PBI-Guatemala accompanies Peaceful Resistance of Cahabón as Q’eqchi’ defenders receive threats for defending territory and rivers

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On March 8, PBI-Guatemala posted:

“#PBI accompanies to the Peaceful Resistance of Cahabón visiting Q’eqchi’ defenders who receive threats for defending their territory and rivers.”

The Peace Brigades International-Guatemala Project has accompanied the Peaceful Resistance of Cahabón since July 2017.

It has explained: “The Peaceful Resistance of Cahabón is made of more than 190 Q’eqchi’ communities who live in the Cahabón River basin. Since 2015 they have organized around defense of territory and against the launch of the OXEC I and OXEC II hydroelectric projects installed on the Oxec River, a tributary of the Cahabón River.”

It adds: “During the good-faith consultation [in August 2017] PBI accompanied the consultation process relating to the hydroelectric project installed on the Cahabón river basin, operated by OXEC SA, belonging to the Energy Resources Capital Corp group (ERCC).”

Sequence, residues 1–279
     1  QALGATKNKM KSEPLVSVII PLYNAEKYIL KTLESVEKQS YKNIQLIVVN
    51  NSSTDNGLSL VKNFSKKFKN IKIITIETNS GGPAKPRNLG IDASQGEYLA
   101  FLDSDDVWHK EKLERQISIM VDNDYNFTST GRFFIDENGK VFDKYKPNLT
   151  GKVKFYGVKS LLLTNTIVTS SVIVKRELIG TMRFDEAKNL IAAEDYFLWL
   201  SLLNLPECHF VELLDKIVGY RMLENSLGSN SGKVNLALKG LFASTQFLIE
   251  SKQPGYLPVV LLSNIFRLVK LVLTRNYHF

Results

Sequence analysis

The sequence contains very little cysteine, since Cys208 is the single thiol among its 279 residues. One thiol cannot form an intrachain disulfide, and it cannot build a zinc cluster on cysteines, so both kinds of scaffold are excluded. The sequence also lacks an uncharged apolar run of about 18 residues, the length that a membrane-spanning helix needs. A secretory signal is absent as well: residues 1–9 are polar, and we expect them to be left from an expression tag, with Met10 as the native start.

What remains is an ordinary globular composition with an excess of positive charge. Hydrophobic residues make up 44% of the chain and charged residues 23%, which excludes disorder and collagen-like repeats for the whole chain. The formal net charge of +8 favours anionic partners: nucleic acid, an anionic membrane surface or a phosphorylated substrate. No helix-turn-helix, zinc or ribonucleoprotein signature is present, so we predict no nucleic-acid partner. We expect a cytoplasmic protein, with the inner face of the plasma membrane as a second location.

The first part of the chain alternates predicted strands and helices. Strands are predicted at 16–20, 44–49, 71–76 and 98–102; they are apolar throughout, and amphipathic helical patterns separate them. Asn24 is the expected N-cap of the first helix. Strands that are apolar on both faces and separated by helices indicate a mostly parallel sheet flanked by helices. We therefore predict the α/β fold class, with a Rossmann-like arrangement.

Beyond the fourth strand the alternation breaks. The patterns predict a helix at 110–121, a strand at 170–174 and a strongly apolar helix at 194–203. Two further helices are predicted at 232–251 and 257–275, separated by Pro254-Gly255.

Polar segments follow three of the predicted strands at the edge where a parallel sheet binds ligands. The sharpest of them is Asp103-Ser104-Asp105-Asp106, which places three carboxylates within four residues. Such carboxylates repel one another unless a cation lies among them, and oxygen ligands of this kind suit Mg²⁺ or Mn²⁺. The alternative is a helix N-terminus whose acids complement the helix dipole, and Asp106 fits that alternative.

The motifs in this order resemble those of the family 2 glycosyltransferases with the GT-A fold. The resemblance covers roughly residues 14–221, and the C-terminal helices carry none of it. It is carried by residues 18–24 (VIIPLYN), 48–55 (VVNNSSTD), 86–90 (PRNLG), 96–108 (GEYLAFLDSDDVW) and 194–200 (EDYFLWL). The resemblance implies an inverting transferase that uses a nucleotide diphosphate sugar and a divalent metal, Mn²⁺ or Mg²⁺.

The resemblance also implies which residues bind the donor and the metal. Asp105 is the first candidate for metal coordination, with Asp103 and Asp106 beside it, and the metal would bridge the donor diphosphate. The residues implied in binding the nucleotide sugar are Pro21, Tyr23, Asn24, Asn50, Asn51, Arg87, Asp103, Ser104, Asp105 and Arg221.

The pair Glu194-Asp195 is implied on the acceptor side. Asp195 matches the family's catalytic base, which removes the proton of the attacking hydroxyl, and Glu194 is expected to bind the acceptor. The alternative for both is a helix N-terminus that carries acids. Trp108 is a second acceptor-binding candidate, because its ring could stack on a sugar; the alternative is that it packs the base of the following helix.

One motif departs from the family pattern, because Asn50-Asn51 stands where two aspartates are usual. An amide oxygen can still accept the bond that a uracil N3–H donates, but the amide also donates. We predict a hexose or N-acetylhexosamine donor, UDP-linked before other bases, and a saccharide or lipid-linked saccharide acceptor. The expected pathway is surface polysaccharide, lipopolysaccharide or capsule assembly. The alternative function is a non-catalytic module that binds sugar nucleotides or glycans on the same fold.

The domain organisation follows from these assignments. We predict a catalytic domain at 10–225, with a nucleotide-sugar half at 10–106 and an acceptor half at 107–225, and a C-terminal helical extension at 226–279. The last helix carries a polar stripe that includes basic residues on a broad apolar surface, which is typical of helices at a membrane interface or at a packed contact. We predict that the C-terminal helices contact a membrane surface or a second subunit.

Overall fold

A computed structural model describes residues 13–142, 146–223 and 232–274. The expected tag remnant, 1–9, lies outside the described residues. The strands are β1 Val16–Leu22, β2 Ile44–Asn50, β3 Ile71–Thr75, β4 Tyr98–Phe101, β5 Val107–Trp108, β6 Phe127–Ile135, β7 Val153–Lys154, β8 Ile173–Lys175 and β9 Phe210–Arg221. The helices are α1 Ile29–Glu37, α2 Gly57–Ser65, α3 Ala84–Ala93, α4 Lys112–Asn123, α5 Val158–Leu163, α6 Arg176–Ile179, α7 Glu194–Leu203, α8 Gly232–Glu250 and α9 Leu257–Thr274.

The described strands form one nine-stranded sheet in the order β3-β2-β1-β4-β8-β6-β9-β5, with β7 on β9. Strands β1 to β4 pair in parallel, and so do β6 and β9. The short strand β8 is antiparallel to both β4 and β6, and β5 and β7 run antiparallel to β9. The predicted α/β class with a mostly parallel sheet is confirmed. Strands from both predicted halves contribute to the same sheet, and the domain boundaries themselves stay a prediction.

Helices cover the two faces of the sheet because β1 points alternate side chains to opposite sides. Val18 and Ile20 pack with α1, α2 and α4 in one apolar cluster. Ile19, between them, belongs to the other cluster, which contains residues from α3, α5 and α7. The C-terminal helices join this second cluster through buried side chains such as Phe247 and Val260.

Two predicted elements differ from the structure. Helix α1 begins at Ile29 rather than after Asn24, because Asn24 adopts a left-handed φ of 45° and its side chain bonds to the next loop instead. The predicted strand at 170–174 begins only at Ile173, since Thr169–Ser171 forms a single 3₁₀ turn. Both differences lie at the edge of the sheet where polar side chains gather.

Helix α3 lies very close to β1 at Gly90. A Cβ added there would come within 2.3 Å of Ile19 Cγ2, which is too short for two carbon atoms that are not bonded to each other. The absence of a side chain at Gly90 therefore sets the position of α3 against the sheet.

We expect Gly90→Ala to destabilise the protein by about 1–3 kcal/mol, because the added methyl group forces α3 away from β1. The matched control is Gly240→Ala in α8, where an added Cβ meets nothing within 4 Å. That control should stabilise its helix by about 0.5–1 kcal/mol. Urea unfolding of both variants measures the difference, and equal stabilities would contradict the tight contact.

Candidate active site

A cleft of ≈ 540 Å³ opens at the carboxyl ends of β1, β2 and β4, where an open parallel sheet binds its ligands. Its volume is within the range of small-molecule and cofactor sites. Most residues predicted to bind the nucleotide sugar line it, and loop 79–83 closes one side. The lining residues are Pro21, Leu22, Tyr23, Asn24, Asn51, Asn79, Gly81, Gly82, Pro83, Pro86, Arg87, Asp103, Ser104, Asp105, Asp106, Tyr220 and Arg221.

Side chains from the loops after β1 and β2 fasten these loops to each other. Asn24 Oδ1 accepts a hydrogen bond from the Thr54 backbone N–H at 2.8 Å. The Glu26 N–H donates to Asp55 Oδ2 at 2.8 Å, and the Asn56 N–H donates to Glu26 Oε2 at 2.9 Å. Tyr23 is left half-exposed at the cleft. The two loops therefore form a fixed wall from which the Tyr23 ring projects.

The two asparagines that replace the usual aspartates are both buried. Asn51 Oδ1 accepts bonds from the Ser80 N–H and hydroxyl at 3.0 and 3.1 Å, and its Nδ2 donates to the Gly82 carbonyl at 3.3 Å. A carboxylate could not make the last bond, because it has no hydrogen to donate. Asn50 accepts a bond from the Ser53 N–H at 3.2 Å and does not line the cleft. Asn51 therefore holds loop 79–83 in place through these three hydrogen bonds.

Hatch Ltd., a company founded in Toronto and now based in nearby Mississauga, was involved in the construction of the OXEC II dam.

NS Energy has reported: “Hatch would be engaged to deliver the conceptual design and detailed design-build-engineering for the Oxec II Hydroelectric Project.”

Commenting on OXEC II, Ian Ainslie, a Hatch project manager based in Niagara Falls, Ontario, noted: “Hatch has been active in developing hydroelectric sites in Guatemala for over 20 years.” And Hatch’s managing director of power, Jim Sarvinis, says: “Projects like Oxec II are exactly why we do the type of work we do at Hatch.”

In 2017, PBI-Guatemala noted: “On February 17 the Constitutional Court (CC) ordered to suspend the construction of Oxec I and Oxec II hydroelectric projects due to incompliance with Convention 169 of the International Labour Organisation (ILO) which establishes the right of indigenous peoples to be consulted on projects that affect them.”

OXEC II became operational in September 2018.

We continue to follow the Q’eqchi’ resistance to dams on the Cahabon River.

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